I have been coaching two women, and I think I might not be presenting my position clearly.
These two women are extremely motivated athletes. They have very advanced body knowledge, and for different reasons they have found themselves not exercising at the caliber they used to. So they stopped exercising, put on weight, and are now unhappy and looking for change.
Both of these women look to strict exercise schedules and highly regimented eating plans for success.
And we butt heads during our sessions.
Here’s the thing: I am also an athlete. I have also gone through periods where, for various reasons, I stopped exercising and put on weight, didn’t count calories, etc. I really do understand what they’re going through. It sucks to not have your abilities match the image in your memory. And if they want to lose weight, I am in no way trying to stand in their way.
We differ on one point, and one point only: Body disconnect is too high a price to pay for weight loss success.
I believe that, deep down, these women want to be themselves more than they want to be skinny. I believe they want dignity and strength and value, and they want it to come from something besides their weight. But they’re not sure how to get at the core issues, so they, in my opinion, are throwing Hail Mary passes at any diet that passes their way, any option that has a shred of success at taking weight off. Smoothie diet? Yes. Juice cleanse? Yes. Paleo? Yes.
And here’s me again, telling you that if there’s a diet in the world, I’ve done it. Sometimes to lose weight, sometimes for detox purposes, and sometimes just so I’d know what I was talking about. There is no wrong way to eat if you’re truly eating for yourself.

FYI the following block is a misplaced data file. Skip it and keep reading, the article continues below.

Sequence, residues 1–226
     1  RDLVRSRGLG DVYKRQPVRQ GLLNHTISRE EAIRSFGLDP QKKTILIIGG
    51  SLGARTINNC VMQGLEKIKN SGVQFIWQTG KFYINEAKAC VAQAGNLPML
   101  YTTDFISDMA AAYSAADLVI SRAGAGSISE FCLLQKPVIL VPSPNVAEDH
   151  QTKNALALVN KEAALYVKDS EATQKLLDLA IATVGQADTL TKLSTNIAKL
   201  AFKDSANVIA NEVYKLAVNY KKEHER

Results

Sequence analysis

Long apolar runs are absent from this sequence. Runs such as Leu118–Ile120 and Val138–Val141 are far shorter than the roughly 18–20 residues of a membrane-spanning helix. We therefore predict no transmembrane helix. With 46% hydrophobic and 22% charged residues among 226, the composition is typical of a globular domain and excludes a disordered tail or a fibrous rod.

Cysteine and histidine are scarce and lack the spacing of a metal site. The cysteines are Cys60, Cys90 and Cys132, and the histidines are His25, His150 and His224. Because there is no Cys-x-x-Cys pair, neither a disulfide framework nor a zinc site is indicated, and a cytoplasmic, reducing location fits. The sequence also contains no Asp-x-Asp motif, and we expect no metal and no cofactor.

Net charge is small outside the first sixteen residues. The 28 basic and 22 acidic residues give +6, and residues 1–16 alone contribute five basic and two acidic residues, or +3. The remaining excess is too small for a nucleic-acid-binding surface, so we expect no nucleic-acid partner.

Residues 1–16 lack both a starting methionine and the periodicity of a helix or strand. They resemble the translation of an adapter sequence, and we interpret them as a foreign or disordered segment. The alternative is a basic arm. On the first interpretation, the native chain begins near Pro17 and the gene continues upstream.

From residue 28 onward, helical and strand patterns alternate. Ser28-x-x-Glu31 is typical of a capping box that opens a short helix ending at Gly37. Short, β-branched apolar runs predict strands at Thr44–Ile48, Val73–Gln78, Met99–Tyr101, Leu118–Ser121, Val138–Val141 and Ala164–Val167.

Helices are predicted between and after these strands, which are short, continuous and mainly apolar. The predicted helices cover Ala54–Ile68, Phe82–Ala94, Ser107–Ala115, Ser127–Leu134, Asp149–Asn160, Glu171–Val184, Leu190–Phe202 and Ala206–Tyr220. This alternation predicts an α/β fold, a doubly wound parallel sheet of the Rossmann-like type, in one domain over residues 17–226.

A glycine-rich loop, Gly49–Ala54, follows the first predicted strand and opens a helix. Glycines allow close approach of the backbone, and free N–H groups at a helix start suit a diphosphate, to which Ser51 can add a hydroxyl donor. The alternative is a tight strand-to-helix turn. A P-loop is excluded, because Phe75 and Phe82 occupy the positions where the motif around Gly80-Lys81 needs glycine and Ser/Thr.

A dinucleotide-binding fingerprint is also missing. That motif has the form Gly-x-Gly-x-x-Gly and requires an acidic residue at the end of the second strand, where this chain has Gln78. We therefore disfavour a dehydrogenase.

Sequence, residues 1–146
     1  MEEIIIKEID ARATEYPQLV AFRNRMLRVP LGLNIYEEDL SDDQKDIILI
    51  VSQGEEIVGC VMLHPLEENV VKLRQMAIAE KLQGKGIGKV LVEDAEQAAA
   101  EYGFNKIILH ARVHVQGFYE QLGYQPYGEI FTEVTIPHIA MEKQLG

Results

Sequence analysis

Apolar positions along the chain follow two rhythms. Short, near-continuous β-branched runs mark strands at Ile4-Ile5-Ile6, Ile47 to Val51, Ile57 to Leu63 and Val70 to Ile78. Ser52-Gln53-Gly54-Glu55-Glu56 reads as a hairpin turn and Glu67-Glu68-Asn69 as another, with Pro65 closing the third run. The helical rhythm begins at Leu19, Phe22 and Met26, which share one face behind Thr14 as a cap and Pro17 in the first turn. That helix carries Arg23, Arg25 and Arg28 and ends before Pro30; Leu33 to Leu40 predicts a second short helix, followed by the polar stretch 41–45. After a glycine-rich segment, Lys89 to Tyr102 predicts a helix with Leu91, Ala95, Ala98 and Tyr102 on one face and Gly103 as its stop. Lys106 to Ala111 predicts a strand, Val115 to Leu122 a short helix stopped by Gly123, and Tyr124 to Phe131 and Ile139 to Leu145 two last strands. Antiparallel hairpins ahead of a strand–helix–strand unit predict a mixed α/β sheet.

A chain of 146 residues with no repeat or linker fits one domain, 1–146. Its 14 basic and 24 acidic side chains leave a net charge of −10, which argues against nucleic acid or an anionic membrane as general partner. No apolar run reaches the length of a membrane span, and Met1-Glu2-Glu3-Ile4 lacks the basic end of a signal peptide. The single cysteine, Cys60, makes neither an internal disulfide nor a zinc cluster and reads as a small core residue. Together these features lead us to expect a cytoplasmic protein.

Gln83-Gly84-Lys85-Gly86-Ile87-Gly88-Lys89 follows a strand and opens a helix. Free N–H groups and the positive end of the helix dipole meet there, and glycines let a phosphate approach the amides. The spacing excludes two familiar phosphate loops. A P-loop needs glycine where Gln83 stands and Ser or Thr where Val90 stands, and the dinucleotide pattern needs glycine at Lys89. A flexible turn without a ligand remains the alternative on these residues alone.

But I think that extreme diets give people the reassurance that they can overcome challenges. (Because let me tell you, juice cleansing for three weeks is a challenge.) There’s some part of you that thinks that you put on weight because you were out of control, or because you were bad, or lazy, or [you fill in the blank]. And if you can just prove that you do have control, that you can be a good rule follower, and motivated to change, obviously you’ll get the results you want.
The only issue is that you’re ignoring yourself, and you’re kicking the problem down the road. And it’s too. high. a price.
Caroline Knapp, in the incredible book Appetites, writes about her struggle with anorexia, saying, “Anorexics, like all addicts (and to some degree like most humans), are masters at seeking external solutions to internal sources of emptiness and distress, their lives dictated by a grand, encompassing hunt that revolves around a single phrase, if only.” And make no mistake, chronic dieting is very much about “if only.” And the pattern of control, restriction, and new rules have to be addictive, because there’s always more to be had, and they all promise the same thing.
So here’s the first step, no matter what your goals are: IF ONLY must become EVEN IF.
“If only I were skinny, then I’d get clothes that fit,” becomes “Even if I’m not at my goal weight, I deserve clothes that make me feel powerful, beautiful, sensual, and at ease.”
“If only I loved to exercise, then this wouldn’t feel like a punishment,” becomes “Even if I need to exercise, I am allowed to enjoy moving my body. I’ll find something that I love to do.”
“If only I could just stop drinking/binge eating/losing control, then I’d finally be happy,” becomes “Even if I have a drink every night/binge eat cookies/and can’t exert control, my body is showing me health. It wants me to succeed.”
“Why can’t I just look the way I want?” becomes “Even if I don’t look the way I want, I will look for a deeper meaning here. What do I need to learn from this weight? What can I learn?”
Losing weight is the easiest thing in the world. People do it every day. I can help you do it if you want to. But sustaining weight loss requires more than obedience to an arbitrary set of rules. It requires surrender, a yielding to your body and its needs. It requires you to ask questions of yourself and your habits.
I promise you: there is health in every decision you make. You just need to find it. And for that, you cannot externalize your problems. You must embody yourself and examine where health lives.